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Wed Feb 20, 2013, 09:36 AM

"$16.50/hour would be min wage if it had kept pace with the rest of the economy"

"we have 40 individuals whose annual compensation equalled almost 70% of the amount it would cost to bring minimum wage earners up to the level of income they would have received had the minimum wage system been designed to keep pace with the economy."


"Hedge fund managers are the most heavily compensated positions in our economy today. They’re all about managing risk if you believe the press releases. If you’re of a more cynical bent you might think they’re all about creating betting vehicles for those members and institutions in our society that can’t find a casino in Las Vegas or the world big enough to backstop the size of the bets they are likely to place. For that you need a sovereign nation willing to put its citizens health, well being, and prosperity on the line to guarantee such big bets. No hedge fund manager made more in 2011 than Raymond Dalio, the founder of Bridgewater Associates. He made an estimated $3 billion in 2011, (which happened to be an off year for hedge funds). Two other money men made $2 billion each. In total, the top 40 highest-earning hedge fund managers made a combined $13.2 billion, with the lowest earning managers on our list making $40 million. To qualify for the top 10, a hedge fund manager needed to make more than $200 million. This is what a very bad year in the hedge fund business looks like.

Here in this one part of the financial sector we have 40 individuals whose annual compensation equalled almost 70% of the amount it would cost to bring minimum wage earners up to the level of income they would have received had the minimum wage system been designed to keep pace with the economy.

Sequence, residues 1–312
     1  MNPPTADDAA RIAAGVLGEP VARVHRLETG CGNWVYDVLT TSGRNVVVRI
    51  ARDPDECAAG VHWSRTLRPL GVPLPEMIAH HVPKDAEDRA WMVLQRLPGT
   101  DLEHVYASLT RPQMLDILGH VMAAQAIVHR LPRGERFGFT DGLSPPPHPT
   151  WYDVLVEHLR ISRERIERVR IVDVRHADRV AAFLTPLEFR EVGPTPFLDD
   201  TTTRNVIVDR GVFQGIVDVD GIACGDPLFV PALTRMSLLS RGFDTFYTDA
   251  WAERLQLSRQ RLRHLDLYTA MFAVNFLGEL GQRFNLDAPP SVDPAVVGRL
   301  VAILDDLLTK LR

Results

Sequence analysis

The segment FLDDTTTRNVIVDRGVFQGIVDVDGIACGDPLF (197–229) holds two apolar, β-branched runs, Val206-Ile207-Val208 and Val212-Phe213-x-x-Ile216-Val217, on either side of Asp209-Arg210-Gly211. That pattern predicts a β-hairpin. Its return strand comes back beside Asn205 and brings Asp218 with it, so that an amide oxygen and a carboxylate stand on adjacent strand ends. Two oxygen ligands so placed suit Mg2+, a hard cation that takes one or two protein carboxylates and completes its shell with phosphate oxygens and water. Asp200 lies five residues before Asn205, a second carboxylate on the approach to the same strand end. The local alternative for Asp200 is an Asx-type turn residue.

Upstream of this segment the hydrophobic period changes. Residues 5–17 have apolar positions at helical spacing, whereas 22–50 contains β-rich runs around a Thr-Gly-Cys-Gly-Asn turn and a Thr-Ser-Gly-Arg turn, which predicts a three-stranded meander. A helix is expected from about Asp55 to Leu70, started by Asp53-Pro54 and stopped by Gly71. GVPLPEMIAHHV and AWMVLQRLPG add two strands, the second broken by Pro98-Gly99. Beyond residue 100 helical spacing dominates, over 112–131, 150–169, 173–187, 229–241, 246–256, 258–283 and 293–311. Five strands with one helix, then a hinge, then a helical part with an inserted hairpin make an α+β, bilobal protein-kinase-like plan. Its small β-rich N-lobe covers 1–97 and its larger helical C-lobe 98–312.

That is just executive compensation in hedge funds, a part of the financial sector that has grown significantly over the past 30 years. Factor in the executive compensation packages of the rest of our corporations, and it will become apparent just why the minimum wage as well as middle class incomes have stagnated or lost ground over these past 30 years. Consider also that increases to workers pay at the lower end of the compensation spectrum are generally spent buying goods and services that improve not just the lives of those workers, but are returned magnified throughout the economy as those purchases help create new jobs. Contrast that with executive compensation packages in the millions of dollars, where at best that excess income means that these overlords create a couple of jobs for their brokers, the local Ferrari dealership, or personal fitness trainers. I’m not suggesting that corporate executives should be compensated at the same rate as workers. We should work to see our policies return to something that would help ensure a lively economy in which all those who work for a living can expect to earn sufficient funds to lead a life free of undue financial hardship, and financial inequality is not a design feature of those public policies."







http://my.firedoglake.com/miguelitoh2o/2013/02/19/working-stiffs-and-executive-compensation-or-somebodys-pissing-on-me-and-telling-me-its-raining/

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Reply "$16.50/hour would be min wage if it had kept pace with the rest of the economy" (Original post)
midnight Feb 2013 OP
midnight Feb 2013 #1
midnight Feb 2013 #2
Fumesucker Feb 2013 #3
datasuspect Feb 2013 #4
midnight Feb 2013 #5
Nikia Feb 2013 #6
white_wolf Feb 2013 #8
ThomThom Feb 2013 #20
Nikia Feb 2013 #27
ThomThom Feb 2013 #29
Trajan Feb 2013 #7
Cleita Feb 2013 #9
HiPointDem Feb 2013 #11
Cleita Feb 2013 #13
HiPointDem Feb 2013 #16
Cleita Feb 2013 #18
HiPointDem Feb 2013 #19
Cleita Feb 2013 #22
Cleita Feb 2013 #21
HiPointDem Feb 2013 #32
pampango Feb 2013 #23
Cleita Feb 2013 #24
pampango Feb 2013 #25
Cleita Feb 2013 #26
pampango Feb 2013 #30
Cleita Feb 2013 #31
bhikkhu Feb 2013 #10
HiPointDem Feb 2013 #12
Cleita Feb 2013 #14
HiPointDem Feb 2013 #15
bhikkhu Feb 2013 #17
Solly Mack Feb 2013 #28


Response to midnight (Reply #1)

Thu Feb 21, 2013, 08:11 AM

2. "Thirty million workers are making less today than they did in 1968, adjusted for inflation!”

said Nader. “Is $9 per hour the best that this President can come up with? They should be making at least $10.50 per hour to catch up with 1968.” That was the message Nader and other worker advocates took in demonstrations yesterday before the headquarters of the Chamber of Commerce and AFL-CIO (see here).